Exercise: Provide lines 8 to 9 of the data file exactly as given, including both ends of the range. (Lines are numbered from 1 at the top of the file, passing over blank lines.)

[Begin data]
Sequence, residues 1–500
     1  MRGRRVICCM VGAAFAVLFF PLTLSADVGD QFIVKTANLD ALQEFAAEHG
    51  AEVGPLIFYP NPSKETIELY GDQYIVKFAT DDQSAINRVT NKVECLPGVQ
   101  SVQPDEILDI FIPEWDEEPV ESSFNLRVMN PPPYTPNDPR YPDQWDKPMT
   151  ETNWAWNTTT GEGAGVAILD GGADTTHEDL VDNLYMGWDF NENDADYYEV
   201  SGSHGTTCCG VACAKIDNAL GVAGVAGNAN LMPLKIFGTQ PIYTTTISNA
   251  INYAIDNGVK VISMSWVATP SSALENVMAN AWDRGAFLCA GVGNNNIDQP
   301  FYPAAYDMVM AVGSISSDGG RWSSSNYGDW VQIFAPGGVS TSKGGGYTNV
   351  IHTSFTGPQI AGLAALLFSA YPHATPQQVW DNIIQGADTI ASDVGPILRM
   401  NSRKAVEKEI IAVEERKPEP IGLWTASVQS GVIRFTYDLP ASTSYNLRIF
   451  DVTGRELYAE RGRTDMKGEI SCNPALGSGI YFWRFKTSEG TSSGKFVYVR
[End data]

   301  FYPAAYDMVM AVGSISSDGG RWSSSNYGDW VQIFAPGGVS TSKGGGYTNV
   351  IHTSFTGPQI AGLAALLFSA YPHATPQQVW DNIIQGADTI ASDVGPILRM